"One of the promises made in the campaign was if you don't like this [plan], it's only going to get better. The only thing I can say is that it has not gotten better," Iseman said as a slouched Dicterow pressed a pen against his forehead and a long-faced Freeman glanced sympathetically at the developer's representative, who was sitting in the audience. Gone were the campaign smiles and happy talk as Iseman helped give the lie to several officially printed falsehoods: that 50 percent of the project would be open-space park; that a new traffic signal and crosswalk would be paid for entirely by the developer; and that the developer would "pay all maintenance costs" for a park. During the campaign, pro-project council members didn't feel obligated to admit that while the developer will pay some costs upfront, he can later bill taxpayers for the costs, plus interest charges.
"Is this interest simple or compound?" Iseman asked Peterson and Freeman, who have represented residents in behind-the-scenes meetings with the developer. Freeman said nothing. Peterson acknowledged it was a "valid" question. Despite advocating approval of the proposed development agreement, he conceded that he didn't know the answer.
Peterson's negotiating partner didn't fare better under close questioning. Iseman asked Freeman why he assumed on behalf of Laguna taxpayers a previously undisclosed liability for $200,000 or more of the developer's environmental-cleanup costs. Freeman's response: he gave that concession to the developer after the referendum in return for a promise that the property would not be reopened as a mobile-home park. Nobody pointed out that the referendum—which Freeman helped place on the ballot—had already made that an impossibility. As if his words could soothe ugly reality, Freeman held steadfast. The post-election concession, he maintained, was a "substantial value" for taxpayers.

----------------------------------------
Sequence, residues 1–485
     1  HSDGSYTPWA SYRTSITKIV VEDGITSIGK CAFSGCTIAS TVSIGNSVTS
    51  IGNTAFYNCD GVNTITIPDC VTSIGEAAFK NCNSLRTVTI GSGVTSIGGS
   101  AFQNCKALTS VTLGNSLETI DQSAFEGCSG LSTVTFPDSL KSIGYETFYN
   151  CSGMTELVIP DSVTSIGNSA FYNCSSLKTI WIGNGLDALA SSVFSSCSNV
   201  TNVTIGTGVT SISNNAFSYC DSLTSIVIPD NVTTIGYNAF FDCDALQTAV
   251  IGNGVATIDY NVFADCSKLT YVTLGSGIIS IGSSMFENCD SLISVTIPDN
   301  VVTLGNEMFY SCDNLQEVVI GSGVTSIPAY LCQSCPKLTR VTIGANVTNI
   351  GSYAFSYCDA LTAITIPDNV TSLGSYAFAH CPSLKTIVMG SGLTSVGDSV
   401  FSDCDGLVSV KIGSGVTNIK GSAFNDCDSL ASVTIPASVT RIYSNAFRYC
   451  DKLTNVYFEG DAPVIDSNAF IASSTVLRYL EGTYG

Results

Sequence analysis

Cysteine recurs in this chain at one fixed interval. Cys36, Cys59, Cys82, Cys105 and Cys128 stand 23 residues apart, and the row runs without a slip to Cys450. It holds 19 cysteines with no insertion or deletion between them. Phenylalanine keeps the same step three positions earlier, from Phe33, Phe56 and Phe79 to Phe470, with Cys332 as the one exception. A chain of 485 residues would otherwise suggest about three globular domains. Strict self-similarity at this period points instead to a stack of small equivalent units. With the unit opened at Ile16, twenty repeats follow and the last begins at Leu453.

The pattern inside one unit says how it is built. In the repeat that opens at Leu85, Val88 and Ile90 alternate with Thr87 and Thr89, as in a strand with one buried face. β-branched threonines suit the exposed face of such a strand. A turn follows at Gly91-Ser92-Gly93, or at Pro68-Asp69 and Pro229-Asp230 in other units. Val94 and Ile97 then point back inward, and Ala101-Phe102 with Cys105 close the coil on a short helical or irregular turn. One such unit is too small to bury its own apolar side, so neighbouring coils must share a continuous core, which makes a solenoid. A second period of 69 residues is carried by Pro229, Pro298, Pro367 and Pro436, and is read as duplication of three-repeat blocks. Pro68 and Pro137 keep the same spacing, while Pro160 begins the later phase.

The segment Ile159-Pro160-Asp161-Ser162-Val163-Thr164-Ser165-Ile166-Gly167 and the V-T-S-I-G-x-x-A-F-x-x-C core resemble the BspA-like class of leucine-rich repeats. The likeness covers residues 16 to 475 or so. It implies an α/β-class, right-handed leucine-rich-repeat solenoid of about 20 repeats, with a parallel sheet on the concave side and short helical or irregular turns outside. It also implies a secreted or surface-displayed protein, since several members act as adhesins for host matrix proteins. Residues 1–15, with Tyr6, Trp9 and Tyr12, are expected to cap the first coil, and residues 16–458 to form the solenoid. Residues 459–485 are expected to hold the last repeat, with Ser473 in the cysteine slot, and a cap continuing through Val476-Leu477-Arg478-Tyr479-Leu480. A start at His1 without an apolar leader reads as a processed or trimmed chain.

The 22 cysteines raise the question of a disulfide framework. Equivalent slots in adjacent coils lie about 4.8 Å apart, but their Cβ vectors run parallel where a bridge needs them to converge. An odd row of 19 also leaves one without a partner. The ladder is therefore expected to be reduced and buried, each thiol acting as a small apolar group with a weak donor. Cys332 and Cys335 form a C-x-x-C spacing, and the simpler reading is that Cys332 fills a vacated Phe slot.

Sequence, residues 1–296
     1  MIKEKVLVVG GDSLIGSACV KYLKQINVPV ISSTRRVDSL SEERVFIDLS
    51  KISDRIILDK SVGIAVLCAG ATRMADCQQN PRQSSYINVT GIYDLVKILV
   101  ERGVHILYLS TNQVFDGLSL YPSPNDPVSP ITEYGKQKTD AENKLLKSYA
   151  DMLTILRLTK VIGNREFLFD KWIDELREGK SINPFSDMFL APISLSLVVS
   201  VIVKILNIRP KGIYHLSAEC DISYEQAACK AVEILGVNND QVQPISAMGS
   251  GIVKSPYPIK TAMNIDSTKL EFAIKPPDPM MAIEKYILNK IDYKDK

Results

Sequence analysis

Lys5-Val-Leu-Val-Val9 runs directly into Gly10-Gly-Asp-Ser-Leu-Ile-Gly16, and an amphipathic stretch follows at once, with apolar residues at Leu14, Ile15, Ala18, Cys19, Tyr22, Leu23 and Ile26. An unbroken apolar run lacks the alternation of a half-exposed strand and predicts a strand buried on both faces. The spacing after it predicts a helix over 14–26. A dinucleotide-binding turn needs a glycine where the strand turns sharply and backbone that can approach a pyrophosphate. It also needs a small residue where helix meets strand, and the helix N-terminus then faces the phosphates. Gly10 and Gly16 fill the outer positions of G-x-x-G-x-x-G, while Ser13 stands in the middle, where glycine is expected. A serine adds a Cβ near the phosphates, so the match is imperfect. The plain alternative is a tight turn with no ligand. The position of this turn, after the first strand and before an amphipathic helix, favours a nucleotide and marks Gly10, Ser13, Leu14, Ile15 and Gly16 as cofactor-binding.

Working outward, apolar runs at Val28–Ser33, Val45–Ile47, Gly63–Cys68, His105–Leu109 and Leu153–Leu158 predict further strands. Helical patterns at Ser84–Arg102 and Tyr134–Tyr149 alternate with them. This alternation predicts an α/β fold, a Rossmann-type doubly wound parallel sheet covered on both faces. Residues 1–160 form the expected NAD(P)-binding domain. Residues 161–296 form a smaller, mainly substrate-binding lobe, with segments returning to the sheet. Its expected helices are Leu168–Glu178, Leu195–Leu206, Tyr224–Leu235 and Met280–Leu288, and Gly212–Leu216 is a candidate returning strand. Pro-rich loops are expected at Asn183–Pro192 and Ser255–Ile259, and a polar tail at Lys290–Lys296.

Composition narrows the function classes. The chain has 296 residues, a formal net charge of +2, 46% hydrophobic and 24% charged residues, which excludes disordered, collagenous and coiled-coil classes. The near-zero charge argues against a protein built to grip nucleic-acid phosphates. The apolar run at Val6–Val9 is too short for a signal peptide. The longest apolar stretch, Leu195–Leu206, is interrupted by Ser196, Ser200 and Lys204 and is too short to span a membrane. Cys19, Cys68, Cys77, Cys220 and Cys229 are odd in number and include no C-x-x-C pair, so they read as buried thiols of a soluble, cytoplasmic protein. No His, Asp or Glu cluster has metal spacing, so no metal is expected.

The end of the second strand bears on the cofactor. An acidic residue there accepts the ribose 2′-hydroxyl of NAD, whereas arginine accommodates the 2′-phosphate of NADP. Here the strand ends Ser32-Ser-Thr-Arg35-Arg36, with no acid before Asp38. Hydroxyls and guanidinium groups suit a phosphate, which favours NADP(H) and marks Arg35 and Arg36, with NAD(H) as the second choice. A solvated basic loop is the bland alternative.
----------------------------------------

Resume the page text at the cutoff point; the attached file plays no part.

"All I can say is that we've been having these discussions for years. All I can say is that I think this is a good framework. I think it's a fair agreement," said a visibly rattled but unrepentant Freeman, who repeatedly broke council protocol by seeking guidance from the developer's representative in the audience. Then, with all the sincerity he could muster, Freeman said, "I hope everybody keeps on top of this."